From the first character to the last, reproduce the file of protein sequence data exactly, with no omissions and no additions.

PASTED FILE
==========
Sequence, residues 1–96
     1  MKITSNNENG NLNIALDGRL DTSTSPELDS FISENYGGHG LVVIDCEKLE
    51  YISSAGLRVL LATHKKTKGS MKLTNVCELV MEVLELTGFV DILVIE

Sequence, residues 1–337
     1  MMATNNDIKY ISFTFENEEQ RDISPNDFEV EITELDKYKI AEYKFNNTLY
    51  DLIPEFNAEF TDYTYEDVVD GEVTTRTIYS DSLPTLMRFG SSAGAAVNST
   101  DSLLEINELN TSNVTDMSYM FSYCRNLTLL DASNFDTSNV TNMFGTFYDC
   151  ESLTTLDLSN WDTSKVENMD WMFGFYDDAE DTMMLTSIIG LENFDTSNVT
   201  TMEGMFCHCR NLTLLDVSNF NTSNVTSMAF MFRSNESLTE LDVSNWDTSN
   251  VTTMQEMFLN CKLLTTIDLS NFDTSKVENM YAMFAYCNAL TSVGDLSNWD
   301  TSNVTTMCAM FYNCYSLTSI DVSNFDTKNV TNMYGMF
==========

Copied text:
Sequence, residues 1–96
     1  MKITSNNENG NLNIALDGRL DTSTSPELDS FISENYGGHG LVVIDCEKLE
    51  YISSAGLRVL LATHKKTKGS MKLTNVCELV MEVLELTGFV DILVIE

Sequence, residues 1–337
     1  MMATNNDIKY ISFTFENEEQ RDISPNDFEV EITELDKYKI AEYKFNNTLY
    51  DLIPEFNAEF TDYTYEDVVD GEVTTRTIYS DSLPTLMRFG SSAGAAVNST
   101  DSLLEINELN TSNVTDMSYM FSYCRNLTLL DASNFDTSNV TNMFGTFYDC
   151  ESLTTLDLSN WDTSKVENMD WMFGFYDDAE DTMMLTSIIG LENFDTSNVT
   201  TMEGMFCHCR NLTLLDVSNF NTSNVTSMAF MFRSNESLTE LDVSNWDTSN
   251  VTTMQEMFLN CKLLTTIDLS NFDTSKVENM YAMFAYCNAL TSVGDLSNWD
   301  TSNVTTMCAM FYNCYSLTSI DVSNFDTKNV TNMYGMF